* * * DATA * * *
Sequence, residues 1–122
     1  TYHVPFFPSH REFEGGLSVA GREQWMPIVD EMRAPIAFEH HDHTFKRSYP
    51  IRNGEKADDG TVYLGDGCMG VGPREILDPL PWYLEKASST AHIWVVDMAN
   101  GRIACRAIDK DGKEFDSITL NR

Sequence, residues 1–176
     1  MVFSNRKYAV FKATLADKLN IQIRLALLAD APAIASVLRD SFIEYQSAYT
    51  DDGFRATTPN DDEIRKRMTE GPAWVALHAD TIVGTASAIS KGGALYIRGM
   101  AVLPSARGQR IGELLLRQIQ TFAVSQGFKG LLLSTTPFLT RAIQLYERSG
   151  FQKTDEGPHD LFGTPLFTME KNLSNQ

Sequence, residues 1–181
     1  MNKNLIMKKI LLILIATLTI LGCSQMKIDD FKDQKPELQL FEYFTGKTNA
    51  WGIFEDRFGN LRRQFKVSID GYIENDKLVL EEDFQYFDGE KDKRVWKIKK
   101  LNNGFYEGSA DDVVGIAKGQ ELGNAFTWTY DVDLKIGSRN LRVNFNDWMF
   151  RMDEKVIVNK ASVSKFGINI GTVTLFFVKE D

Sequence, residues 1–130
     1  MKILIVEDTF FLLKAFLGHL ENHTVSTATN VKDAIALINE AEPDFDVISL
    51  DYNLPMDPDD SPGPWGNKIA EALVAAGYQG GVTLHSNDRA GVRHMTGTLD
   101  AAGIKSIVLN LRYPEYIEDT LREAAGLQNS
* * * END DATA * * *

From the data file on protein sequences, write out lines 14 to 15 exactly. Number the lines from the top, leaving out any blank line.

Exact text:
   151  RMDEKVIVNK ASVSKFGINI GTVTLFFVKE D

Sequence, residues 1–130